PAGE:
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Artist impression of activities in a Moon Base

One giant breath for mankind

Image credit: ESA

The European Space Agency (ESA) is making pure oxygen out of lunar dust. Will this innovation allow humans to settle on the Moon once and for all?

From 1969 to 1972, Nasa probed the Moon as many as six times in the hope of finding signs of life. As a result, scientific data gathered from manned lunar expeditions revealed that the Earth’s Moon is lifeless and incredibly barren.

During these endeavours, however, scientists learned of a fine dust with peculiar properties on its surface: lunar dust, which smells like gunpowder but stings like shards of glass. Amazingly, it’s this same pesky dust that holds a promise of life. In fact, for the first time, traces of oxygen have been found on the Moon, more so in its dust.

An analysis of lunar regolith, a top layer of loose soil and broken rock harvested by Nasa’s Apollo-era astronauts, confirms that the Moon’s crust contains 40 to 50 per cent oxygen by mass, but in the form of oxide. And with this knowledge, researchers at ESA have now deduced a chemical process to extract pure, usable oxygen from the regolith. Taking it a step further, a prototype oxygen plant has been set up in the Materials and Electrical Components Laboratory of the European Space Research and Technology Centre, the Netherlands, to achieve these results.

“Having our own facility allows us to focus on oxygen production, measuring it with a mass spectrometer as it is extracted from the regolith simulant,” says Beth Lomax, a PhD student at the University of Glasgow. “Being able to acquire oxygen from resources found on the Moon would obviously be hugely useful for future lunar settlers, both for breathing and in the local production of rocket fuel.”

Found in remnants of lava flows, the lunar regolith simulants are made from crushed volcanic rocks, which have similar chemical properties and particle size distribution to lunar soil, explains ESA research fellow Alexandre Meurisse.

This simulant is sold commercially and, while there are suppliers across the globe, ESA outsourced the dust from a non-profit lab owned by the University of Central Florida.

ESA Moon Base mockup - inline

Image credit: ESA

All in all, it’s safe to say that lunar dust simulant is plentiful on Earth. The real challenge, however, lies in extracting oxygen out of the simulant. To achieve the desired result, researchers at ESA made use of a method called ‘molten salt electrolysis’, a brainchild of UK-based company Metalysis that specialises in commercial metal and alloy production.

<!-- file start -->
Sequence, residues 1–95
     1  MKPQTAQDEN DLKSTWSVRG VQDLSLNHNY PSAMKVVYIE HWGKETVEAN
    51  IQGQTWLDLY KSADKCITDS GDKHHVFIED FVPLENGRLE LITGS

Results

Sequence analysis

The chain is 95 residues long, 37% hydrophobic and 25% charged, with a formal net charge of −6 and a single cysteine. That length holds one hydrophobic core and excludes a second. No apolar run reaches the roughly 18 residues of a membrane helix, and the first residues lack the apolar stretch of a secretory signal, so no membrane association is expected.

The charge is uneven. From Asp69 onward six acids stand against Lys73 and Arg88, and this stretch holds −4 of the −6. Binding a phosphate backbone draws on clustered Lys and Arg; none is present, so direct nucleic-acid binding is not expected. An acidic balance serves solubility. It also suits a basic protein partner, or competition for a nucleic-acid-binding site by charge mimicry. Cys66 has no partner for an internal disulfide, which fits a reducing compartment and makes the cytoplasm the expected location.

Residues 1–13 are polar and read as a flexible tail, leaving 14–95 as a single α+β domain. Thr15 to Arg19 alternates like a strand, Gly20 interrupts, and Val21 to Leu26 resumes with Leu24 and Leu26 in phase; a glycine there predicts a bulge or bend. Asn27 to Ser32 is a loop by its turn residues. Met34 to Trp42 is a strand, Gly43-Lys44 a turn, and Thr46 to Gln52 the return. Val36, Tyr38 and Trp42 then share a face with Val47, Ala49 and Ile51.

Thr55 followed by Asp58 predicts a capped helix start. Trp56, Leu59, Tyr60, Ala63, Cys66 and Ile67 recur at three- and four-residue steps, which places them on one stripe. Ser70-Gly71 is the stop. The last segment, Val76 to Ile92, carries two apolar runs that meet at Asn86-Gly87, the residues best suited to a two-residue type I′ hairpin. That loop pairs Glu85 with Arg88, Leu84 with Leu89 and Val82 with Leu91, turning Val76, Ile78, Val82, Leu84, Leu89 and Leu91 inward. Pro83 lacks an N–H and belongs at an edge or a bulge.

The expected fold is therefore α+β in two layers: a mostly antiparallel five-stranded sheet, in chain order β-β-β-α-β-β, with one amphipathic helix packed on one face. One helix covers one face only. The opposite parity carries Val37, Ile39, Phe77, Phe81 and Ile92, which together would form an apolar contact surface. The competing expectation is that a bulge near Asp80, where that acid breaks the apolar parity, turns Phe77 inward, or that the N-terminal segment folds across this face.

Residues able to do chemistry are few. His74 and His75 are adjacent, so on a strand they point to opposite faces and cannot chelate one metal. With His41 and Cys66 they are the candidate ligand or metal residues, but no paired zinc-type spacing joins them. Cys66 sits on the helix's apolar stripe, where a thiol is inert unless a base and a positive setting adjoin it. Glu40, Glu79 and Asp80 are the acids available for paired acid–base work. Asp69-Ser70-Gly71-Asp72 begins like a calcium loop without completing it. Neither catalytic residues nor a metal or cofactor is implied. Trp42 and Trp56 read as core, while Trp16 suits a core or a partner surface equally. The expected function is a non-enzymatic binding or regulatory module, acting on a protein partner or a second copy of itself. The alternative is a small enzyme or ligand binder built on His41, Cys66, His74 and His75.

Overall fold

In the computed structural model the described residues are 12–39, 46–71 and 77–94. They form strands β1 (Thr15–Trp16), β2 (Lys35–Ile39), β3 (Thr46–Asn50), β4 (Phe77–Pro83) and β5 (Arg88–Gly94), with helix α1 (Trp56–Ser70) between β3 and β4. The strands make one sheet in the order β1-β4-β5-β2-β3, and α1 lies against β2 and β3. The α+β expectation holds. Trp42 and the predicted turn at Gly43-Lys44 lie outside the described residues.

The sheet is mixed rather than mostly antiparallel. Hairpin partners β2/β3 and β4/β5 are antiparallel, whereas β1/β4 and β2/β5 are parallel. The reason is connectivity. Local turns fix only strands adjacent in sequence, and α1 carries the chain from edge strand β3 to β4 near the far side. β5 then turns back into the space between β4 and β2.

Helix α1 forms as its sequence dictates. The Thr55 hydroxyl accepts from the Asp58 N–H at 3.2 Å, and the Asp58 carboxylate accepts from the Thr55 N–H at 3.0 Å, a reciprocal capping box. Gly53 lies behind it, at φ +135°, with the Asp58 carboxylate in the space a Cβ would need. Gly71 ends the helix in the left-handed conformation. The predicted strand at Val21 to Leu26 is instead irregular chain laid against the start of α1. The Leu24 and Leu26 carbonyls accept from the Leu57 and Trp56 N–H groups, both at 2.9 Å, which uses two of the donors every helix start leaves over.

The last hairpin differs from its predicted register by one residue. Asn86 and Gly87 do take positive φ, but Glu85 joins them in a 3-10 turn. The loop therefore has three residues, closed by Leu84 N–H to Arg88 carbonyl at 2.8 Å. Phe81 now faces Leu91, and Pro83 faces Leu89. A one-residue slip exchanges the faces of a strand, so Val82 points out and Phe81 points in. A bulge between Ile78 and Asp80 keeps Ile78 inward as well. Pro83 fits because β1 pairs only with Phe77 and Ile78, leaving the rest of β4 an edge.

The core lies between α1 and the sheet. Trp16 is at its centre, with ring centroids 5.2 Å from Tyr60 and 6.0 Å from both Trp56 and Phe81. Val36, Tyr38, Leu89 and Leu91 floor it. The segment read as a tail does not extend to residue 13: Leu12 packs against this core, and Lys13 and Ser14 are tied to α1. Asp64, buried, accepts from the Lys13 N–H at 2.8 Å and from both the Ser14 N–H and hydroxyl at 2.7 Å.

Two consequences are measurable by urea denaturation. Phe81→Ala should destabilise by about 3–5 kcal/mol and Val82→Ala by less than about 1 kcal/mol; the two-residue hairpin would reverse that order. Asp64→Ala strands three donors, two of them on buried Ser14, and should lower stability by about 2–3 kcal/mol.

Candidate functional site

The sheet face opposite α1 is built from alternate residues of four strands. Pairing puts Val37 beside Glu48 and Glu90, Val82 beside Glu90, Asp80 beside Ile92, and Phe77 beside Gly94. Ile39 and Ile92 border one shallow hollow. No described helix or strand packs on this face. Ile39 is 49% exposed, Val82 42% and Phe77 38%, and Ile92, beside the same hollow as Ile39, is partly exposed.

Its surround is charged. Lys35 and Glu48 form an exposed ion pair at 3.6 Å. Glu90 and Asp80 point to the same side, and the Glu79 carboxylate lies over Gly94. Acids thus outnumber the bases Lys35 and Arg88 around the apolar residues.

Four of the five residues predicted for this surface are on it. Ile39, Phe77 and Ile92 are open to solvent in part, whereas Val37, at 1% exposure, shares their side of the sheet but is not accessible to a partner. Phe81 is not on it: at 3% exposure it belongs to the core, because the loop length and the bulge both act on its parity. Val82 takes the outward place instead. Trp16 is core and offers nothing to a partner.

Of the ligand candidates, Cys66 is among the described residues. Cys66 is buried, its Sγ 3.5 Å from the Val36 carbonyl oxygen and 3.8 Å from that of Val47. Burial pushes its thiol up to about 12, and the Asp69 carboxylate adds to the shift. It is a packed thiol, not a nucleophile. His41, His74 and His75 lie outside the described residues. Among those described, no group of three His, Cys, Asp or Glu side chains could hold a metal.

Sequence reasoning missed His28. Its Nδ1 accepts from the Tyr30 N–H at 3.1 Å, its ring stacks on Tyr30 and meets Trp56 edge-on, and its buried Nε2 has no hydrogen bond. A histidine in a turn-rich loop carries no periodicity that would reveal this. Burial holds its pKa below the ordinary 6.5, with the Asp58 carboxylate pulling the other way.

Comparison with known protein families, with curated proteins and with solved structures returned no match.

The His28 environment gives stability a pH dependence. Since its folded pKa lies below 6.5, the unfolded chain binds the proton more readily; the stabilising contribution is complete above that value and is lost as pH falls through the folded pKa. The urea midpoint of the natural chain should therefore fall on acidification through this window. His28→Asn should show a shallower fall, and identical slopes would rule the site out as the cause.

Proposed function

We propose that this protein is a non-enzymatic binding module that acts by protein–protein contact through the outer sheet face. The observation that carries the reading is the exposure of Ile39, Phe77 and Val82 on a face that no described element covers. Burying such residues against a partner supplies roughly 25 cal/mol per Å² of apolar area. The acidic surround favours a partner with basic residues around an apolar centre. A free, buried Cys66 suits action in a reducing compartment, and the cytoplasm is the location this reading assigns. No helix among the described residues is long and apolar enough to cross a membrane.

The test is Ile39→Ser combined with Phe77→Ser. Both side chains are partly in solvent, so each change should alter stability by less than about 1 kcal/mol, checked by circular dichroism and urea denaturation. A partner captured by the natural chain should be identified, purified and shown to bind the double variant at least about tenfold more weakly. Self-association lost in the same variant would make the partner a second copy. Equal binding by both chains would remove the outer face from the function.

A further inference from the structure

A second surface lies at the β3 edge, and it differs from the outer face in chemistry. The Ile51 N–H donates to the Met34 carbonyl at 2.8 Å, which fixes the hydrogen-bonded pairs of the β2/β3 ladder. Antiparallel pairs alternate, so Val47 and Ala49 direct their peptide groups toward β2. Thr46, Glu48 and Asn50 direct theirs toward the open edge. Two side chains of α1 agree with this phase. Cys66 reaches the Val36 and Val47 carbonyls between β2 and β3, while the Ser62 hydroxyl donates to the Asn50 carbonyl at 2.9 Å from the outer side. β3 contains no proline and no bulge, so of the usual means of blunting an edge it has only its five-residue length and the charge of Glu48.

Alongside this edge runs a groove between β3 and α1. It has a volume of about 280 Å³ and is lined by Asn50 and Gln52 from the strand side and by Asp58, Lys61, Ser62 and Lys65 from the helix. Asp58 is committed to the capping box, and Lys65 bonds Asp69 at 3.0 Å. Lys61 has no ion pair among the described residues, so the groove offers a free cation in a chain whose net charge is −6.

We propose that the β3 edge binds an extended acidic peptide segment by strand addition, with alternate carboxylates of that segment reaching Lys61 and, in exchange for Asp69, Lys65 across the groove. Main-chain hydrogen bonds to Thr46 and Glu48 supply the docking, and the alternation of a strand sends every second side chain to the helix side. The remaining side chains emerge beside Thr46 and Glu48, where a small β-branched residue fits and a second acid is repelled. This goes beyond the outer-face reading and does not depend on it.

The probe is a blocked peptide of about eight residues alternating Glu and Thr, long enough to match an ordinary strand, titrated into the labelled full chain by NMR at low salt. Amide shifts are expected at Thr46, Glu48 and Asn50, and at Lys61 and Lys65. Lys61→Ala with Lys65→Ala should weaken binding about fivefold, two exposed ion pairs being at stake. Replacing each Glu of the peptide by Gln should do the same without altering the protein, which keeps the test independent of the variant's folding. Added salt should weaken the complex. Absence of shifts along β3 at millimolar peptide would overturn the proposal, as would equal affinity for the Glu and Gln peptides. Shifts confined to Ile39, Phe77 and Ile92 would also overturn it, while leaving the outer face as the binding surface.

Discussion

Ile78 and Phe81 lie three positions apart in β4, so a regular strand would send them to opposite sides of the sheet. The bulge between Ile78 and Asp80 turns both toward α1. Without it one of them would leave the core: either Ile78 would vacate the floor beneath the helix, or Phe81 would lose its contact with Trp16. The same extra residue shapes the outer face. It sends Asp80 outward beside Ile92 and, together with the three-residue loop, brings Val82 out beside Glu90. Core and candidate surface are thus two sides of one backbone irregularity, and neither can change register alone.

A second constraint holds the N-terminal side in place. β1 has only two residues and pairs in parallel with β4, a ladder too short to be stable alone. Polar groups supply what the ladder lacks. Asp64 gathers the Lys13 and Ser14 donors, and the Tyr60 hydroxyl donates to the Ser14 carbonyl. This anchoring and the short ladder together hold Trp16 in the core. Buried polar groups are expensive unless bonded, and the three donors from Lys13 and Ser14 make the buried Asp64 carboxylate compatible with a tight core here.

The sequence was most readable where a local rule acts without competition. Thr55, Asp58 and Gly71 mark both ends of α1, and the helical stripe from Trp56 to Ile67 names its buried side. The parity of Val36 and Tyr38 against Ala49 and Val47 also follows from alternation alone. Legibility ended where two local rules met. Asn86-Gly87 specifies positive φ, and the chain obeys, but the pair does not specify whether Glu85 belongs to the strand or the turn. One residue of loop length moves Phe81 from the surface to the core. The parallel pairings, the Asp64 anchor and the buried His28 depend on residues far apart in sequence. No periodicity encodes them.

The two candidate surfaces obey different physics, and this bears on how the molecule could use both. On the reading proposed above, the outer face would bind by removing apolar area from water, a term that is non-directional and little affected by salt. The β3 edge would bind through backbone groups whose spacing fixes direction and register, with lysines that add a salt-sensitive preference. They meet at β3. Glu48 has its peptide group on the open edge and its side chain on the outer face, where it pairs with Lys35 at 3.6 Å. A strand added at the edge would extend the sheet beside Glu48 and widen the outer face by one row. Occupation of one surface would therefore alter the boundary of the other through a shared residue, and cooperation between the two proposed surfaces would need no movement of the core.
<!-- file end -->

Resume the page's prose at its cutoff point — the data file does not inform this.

Here’s how it works: a simulant of Moon dust, more formally known as lunar regolith, is placed in a metal container followed by molten calcium chloride salt, which serves as an electrolyte. The mix is then heated to 950°C. At this temperature, the regolith is still a solid. However, when an electric current flows through the mixture the oxygen splits from the mix, leaving behind a heap of usable metal alloys.

“This is another useful line of research, to see what are the most useful alloys that could be produced from them, and what kind of applications could they be put to,” says Meurisse. “Could they [metal alloys] be 3D-printed directly, for example, or would they require refining? The precise combination of metals will depend on from where on the Moon the regolith is acquired – there would be significant regional differences.”

The experimental plant takes about 50 hours to extract 96 per cent of the total oxygen from the regolith. Even better, as much as 75 per cent of the oxygen can be extracted in the first 15 hours. This is a promising result, one that can revolutionise space exploration.

For now, the oxygen obtained as a result of molten salt electrolysis is aired out through an exhaust pipe. Future enhancements to the pilot plant will presumably ensure steady operation, with storage of oxygen ticked off the list. Cryogenics, for instance, allows oxygen to be stored in liquid form.

Since the extraction process is insensitive to minor mineral variations, similar accuracy (96 per cent oxygen) is expected in the case of real lunar dust. Meurisse adds there is already a lot of knowledge in Europe for purifying and storing oxygen as it is already used as rocket fuel and for many other terrestrial applications.

Space-habitat building has a lot to do with finding apt resources for construction. As it turns out, scientists at ESA have already solved this enigma. Using nothing more than simulated lunar soil and concentrated sunlight, ESA scientists were able to develop sturdy, 3D-printed bricks. As futuristic as it sounds, the Moon dust bricks can be easily used for building roads, launch pads and habitats for Moon settlers.

Adding to the appeal of Moon dust is ESA’s recent invention; breathable oxygen and usable alloys made merely out of lunar dust simulant. With innovations like these, a sustainable colony on the Moon seems all the more plausible and not far-fetched.

In fact, Meurisse expresses his personal thoughts on the concept of a ‘Moon village’, describing it as a vision of the future. “Every step we take towards sustainability on the Moon makes this vision more plausible,” he explains. “Being able to produce oxygen at the surface is one of these steps.”

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